Source: Lake Roosevelt National Recreation Area

Source: Lake Roosevelt National Recreation Area

Among American Indians, historical trauma represents a history of forced removal from homelands and prohibitions against freedom of religious expression, language and other cultural traditions. American Indian ceremonies were outlawed in the United States until the early 1970s. Only recently has the forced attendance of American Indian children at boarding schools been acknowledged. Boarding schools upheld strict rules against native languages and traditions, and imposed harsh punishments for infractions.

According to the theory of historical trauma, unresolved anguish from these experiences is passed down through generations and can lead to despair, depression, drug abuse and disease. Historical trauma is considered by some a root cause of the tremendous health disparities among American Indian people. Some believe the trauma takes root in the DNA, others say it’s learned behavior and still others say there is a blood memory — we are metaphysically connected to the experiences of our ancestors.

The idea of historical trauma helps communities affected understand the roots of their own condition. In the struggle to restore health, people find something clicks into place when they understand their personal problems in the context of the history of their community.

At a recent conference in Minneapolis, Linda Eagle Speaker, a citizen of the Blackfoot Tribe and Program Director at the Minnesota Indian Women’s Resource Center, shared her story of being forcibly taken from her family and spending years in a boarding school. She says decades of hard work have helped her to heal, so she is not handing down to her children the pain of her boarding school experience.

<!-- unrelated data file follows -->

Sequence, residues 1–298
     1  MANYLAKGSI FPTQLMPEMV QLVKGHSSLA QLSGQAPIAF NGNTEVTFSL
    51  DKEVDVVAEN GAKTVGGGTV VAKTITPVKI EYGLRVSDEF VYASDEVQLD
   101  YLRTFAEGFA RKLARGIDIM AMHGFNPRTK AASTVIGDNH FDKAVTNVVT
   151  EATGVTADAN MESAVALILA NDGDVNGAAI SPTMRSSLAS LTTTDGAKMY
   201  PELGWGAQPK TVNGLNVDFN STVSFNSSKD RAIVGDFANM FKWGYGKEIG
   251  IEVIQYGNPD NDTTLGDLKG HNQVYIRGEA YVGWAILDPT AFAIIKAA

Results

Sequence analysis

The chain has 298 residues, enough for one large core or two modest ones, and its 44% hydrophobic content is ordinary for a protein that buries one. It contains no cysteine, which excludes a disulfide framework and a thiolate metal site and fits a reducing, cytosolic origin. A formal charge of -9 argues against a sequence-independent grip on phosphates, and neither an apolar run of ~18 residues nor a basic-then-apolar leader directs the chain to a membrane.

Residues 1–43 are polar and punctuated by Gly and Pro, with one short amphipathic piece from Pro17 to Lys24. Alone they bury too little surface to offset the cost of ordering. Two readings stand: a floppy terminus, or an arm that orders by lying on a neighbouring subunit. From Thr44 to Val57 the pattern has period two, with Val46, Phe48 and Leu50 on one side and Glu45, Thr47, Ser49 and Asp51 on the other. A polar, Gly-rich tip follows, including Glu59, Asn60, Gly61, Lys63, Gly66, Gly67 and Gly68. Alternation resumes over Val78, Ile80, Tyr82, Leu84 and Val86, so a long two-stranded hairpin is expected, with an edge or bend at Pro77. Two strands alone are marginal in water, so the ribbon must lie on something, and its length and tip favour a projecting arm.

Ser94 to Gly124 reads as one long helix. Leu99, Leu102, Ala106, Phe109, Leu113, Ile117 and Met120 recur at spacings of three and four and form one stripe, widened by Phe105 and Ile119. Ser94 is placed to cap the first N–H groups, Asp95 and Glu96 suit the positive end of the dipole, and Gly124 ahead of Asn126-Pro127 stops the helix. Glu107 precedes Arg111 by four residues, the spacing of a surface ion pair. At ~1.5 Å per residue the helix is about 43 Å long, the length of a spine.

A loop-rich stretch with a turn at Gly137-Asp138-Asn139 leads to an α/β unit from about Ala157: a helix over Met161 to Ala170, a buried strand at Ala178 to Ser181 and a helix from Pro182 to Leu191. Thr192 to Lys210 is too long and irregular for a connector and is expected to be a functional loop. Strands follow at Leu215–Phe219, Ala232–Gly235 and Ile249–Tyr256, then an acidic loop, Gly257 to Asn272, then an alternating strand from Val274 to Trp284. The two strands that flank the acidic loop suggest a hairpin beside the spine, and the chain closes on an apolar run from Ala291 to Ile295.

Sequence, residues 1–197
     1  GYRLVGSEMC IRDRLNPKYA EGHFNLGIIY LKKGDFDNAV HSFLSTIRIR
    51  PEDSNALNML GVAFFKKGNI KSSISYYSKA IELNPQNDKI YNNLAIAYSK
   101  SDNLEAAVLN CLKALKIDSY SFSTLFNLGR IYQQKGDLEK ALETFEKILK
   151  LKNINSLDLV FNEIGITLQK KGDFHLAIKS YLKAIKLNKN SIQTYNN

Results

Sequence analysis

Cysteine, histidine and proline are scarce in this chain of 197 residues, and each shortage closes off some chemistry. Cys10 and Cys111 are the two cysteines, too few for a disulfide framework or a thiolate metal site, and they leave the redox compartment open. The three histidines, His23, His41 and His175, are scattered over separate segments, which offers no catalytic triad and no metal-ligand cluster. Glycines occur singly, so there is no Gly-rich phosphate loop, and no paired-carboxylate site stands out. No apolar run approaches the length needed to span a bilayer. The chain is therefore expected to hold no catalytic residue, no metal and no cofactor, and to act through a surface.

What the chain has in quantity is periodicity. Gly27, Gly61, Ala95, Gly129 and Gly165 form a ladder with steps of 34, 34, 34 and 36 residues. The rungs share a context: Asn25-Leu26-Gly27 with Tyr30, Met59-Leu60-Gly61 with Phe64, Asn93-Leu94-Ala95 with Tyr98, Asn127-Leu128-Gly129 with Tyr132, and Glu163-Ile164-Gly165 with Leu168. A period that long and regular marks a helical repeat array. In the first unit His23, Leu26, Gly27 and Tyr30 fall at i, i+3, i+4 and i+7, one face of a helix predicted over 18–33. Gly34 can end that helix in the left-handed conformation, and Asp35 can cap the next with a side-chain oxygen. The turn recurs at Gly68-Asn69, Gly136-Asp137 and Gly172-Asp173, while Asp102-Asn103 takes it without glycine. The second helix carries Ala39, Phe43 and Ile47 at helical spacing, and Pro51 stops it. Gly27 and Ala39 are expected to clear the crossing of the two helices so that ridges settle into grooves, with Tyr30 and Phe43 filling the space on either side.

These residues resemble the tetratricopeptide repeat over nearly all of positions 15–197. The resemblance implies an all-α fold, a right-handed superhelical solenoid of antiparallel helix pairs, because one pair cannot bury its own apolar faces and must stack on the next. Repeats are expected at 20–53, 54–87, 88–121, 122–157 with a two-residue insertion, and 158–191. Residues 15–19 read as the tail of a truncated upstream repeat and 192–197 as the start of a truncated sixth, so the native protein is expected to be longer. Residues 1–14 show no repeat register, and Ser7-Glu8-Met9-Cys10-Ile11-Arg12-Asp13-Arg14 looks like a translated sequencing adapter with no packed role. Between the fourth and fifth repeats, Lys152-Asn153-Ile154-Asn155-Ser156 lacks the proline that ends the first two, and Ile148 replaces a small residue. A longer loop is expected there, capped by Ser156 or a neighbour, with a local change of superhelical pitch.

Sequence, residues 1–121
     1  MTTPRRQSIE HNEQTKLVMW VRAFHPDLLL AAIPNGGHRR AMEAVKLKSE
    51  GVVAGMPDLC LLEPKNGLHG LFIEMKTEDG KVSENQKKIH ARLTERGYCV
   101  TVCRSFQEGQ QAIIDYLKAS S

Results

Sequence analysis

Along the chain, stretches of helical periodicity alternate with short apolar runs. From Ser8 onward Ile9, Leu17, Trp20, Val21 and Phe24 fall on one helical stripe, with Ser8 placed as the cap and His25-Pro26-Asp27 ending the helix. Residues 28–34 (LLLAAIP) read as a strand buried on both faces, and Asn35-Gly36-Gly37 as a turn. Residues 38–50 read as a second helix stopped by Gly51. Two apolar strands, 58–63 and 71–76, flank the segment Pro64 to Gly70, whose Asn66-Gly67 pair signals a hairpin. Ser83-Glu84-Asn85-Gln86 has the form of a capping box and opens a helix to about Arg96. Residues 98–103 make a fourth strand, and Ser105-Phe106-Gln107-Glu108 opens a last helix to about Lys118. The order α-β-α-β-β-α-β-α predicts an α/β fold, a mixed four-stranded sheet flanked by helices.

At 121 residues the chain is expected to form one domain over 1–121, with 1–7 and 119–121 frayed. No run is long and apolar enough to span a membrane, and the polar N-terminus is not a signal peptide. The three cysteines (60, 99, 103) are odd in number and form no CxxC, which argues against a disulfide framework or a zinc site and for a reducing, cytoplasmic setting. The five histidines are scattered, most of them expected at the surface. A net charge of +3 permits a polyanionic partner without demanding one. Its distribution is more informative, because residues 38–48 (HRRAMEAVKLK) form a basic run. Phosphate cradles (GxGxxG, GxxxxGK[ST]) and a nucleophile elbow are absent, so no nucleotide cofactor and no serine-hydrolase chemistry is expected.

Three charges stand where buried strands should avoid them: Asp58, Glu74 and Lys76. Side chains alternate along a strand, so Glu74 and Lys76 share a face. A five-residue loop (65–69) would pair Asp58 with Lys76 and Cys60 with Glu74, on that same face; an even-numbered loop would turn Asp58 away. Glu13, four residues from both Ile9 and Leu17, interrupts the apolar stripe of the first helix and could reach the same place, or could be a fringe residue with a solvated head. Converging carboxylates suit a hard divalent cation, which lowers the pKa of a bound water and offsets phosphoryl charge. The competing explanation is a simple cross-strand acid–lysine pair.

Listen to her story here.

The Disillusionment of Doctors

Dr. Sandeep Jauhar is the author of a new book, “Doctored: The Disillusionment of an American Physician,” a memoir that relates his path from an idealistic young medical student to a harried, frustrated, and sometimes cynical practitioner in a broken health care system.

He spoke to MPR’s Kerri Miller on The Daily Circuit last week.

Growing frustration among physicians, especially primary care physicians, has led to high rates of burnout, with many doctors reporting their intention to give up the practice of medicine. A 2012 survey found 30% of American doctors between the ages of 35 and 49 reported they were planning to leave medicine.

Dr. Daniel L. Roberts, chief resident of internal medicine at the Mayo Clinic in Arizona, gives an overview of the data on doctor burnout in this 2013 video, produced by the Mayo Clinic.

ICYMI: Dessa’s Interviews at “A Celebration of Women & Recovery”

The gender gap in substance abuse has been shrinking for several years, and it’s estimated that women are nearly twice as likely to suffer from major depression than men. But while millions of women know what it’s like to struggle with addiction or some form of mental illness, the good news is many recover to lead purposeful and meaningful lives of health and wellness.

To acknowledge this major public health issue and to break down the stigma associated with addiction and mental illness, Healthy States and Hazelden Betty Ford Foundation recently presented an evening of conversation and music that celebrated women’s experiences of recovery.

The audience partakes in a body stretch exercise led by Jennifer Matesa / Caroline Yang for Healthy States

The audience partakes in a body stretch exercise led by Jennifer Matesa / Caroline Yang for Healthy States

Over 600 people gathered at the Fitzgerald Theater in St. Paul to hear writer and musician Dessa speak with two authors, Jennifer Matesa and Gayathri Ramprasad, about their own stories of recovery.

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Dessa! A talented host. / Caroline Yang for Healthy States

Matesa is author of the new book “The Recovering Body: Physical and Spiritual Fitness for Living Clean and Sober.”

WomenRecovery-12

Jennifer Matesa and Dessa / Caroline Yang for Healthy States

Ramprasad is the founder and president of ASHA International and author of “Shadows in the Sun: Healing from Depression and Finding the Light Within.”

WomenRecovery-25

Gayathri Ramprasad / Caroline Yang for Healthy States

You can listen to both interviews here.

The Mother of Holistic Medicine

Gladys McGarey, now in her 90s, has been a family practice physician for over 60 years, and is widely known as the “mother of holistic medicine,” a title she earned as one of the original founders of the American Holistic Medical Association in the late 1970’s. She is often credited with being among the first physicians to have fathers in delivery rooms during birth, and to use acupuncture as a complimentary therapy.